Days will go by.  Packages will be delivered.  Manuals pile up on my desk for me to go through.  I spend hours trying to master my tools and inevitably tumble down the rabbit hole of endless applications and uses of these tools.  I become a master of doing really cool things that I might end up using in my project.

And speaking of my project, it has now become a little less clear.  I have to try and figure out how to use all my cool tools to create what I originally envisioned.

The Tyranny of Shiny Tools

This is a terrible dictatorship.

It happens when we let our self confidence in our creativity succumb to the shiny promise of tools.  People who sell these tools prey upon this.  They position themselves as purveyors of things that will help you create something but in actuality, they distract you from your goal by dazzling you with bells and whistles that really have less to do with what you want, and everything to do with what they want.

What You Really Need First

No matter what you dreaming of doing, there is only one thing you need in the beginning.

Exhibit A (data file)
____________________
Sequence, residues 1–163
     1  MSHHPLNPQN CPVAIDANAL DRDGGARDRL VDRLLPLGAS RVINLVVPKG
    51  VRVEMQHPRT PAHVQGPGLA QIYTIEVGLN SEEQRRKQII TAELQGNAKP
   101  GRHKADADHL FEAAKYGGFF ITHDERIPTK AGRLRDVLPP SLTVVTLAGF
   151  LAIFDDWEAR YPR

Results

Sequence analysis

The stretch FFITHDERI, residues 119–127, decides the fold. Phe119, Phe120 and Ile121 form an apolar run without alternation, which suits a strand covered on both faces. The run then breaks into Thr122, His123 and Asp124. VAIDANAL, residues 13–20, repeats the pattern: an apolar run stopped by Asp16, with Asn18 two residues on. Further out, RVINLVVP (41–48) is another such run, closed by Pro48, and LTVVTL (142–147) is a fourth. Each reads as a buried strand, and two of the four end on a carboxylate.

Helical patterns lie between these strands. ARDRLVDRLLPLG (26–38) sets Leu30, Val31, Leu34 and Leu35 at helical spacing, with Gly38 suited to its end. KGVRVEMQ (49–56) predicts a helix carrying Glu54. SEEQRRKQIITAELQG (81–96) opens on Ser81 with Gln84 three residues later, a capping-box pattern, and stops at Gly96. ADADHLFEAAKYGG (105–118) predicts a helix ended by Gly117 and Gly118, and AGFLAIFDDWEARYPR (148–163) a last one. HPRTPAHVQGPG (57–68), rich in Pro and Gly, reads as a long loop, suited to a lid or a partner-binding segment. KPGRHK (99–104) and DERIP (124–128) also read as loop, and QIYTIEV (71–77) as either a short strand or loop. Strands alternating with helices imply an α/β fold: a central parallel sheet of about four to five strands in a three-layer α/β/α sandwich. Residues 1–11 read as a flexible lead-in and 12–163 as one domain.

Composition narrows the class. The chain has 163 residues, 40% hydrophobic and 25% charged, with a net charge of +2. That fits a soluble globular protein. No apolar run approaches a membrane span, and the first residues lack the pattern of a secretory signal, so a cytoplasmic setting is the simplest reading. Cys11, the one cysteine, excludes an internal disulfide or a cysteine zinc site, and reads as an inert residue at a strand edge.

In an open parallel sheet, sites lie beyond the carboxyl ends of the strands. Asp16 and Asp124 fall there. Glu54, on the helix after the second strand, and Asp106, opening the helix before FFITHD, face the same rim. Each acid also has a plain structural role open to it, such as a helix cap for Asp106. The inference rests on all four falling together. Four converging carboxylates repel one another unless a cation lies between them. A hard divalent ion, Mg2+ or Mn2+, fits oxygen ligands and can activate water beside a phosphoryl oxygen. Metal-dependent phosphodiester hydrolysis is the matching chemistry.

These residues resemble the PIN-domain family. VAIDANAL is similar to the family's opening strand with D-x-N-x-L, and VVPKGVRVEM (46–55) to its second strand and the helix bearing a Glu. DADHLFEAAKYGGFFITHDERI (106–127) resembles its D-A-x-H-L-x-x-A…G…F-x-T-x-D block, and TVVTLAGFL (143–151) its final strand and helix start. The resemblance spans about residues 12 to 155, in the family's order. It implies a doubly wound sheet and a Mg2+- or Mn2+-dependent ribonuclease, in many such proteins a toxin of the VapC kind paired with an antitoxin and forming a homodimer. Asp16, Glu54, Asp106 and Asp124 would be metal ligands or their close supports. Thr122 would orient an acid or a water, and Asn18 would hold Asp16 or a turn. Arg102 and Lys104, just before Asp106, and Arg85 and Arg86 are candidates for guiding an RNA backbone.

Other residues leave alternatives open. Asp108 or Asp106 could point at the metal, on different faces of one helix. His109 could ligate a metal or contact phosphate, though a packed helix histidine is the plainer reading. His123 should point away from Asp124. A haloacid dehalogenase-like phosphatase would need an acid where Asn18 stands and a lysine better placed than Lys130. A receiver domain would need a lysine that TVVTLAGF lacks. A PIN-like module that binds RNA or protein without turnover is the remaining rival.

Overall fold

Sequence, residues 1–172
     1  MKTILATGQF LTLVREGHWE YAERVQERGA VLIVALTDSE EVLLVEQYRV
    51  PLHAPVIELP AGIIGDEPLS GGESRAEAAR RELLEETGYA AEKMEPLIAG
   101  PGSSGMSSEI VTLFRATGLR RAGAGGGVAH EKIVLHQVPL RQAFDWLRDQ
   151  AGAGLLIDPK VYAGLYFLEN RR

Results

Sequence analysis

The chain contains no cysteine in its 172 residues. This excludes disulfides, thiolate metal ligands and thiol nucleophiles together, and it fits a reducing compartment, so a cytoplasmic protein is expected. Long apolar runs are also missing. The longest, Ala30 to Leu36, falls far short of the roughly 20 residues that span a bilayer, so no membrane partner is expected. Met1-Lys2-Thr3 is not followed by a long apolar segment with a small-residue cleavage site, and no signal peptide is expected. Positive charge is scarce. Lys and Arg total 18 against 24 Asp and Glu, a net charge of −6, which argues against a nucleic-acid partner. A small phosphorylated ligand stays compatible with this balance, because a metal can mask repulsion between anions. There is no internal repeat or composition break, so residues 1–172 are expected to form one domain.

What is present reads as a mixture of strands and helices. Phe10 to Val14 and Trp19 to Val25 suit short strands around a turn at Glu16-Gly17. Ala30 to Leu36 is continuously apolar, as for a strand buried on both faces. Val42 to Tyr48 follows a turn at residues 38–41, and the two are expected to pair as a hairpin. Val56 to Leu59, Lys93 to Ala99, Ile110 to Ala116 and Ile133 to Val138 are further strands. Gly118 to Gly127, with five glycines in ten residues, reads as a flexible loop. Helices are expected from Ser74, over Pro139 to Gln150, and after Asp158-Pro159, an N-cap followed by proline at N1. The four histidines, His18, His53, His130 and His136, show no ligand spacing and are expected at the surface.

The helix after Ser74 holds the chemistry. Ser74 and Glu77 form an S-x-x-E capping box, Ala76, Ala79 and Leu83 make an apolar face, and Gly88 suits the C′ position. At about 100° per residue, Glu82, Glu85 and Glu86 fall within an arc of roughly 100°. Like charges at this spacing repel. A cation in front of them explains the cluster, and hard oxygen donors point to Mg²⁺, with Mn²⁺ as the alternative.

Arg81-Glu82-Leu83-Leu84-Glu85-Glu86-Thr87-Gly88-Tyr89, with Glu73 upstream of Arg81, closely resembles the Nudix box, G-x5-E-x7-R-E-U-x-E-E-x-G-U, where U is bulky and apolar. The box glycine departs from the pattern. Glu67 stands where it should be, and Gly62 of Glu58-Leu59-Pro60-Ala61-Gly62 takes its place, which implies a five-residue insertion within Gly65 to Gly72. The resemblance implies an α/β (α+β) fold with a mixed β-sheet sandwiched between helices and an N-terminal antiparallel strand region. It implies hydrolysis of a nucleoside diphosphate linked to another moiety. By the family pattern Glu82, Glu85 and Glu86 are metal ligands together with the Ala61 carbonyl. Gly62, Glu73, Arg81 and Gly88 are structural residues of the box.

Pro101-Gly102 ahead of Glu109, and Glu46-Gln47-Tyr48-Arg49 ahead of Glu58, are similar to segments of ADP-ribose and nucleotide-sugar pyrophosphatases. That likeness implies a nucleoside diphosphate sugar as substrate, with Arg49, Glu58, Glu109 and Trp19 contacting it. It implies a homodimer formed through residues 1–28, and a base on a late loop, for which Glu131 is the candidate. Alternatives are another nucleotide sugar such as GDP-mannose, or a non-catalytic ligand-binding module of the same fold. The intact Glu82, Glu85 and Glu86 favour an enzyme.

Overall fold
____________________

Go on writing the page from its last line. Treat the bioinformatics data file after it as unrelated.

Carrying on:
You need momentum.

Maybe you have trouble starting, maybe you have started but find it difficult to keep going.

Momentum is the great wave that will propel you through the good and the tough times.

If there was nothing around for miles except a stubby #2 Ticonderoga Dixon pencil and a legal pad, could you write your story?  Jack Kerouac did it.  And he was in a car.

If you were in that car and a melody popped into your head, do you think you could hum it into your phone?

If you stumbled across a bunch of wires, bits of wood and metal, could you put that all together into a sculpture?  Like Alexander Calder?

Just start with what you have.

Get what you need when the need presents itself.  You will be wiser and more knowing about the exact tool you want when you are actively making something.

Take back the power to create from the Merchants of Stuff.  People are moved by the creative spirit behind a work of art, not the medium.  Sometimes you get even more points for making something in spite of your limitations.

I’m an artist, and if you give me a tuba, I’ll bring you something out of it. – John Lennon

I have a box in my room that I put things that I have accumulated over the years to help me write and illustrate my work.  If more than 6 months go by and I haven’t used something, it goes into another box that eventually gets donated to Materials for the Arts or a school art program.  My daily wrestle with that pesky little demon usually results in me defaulting to something I already have, usually old school and understandable.

And that works for me.  All I truly need is my self confidence.  And a pencil sharpener.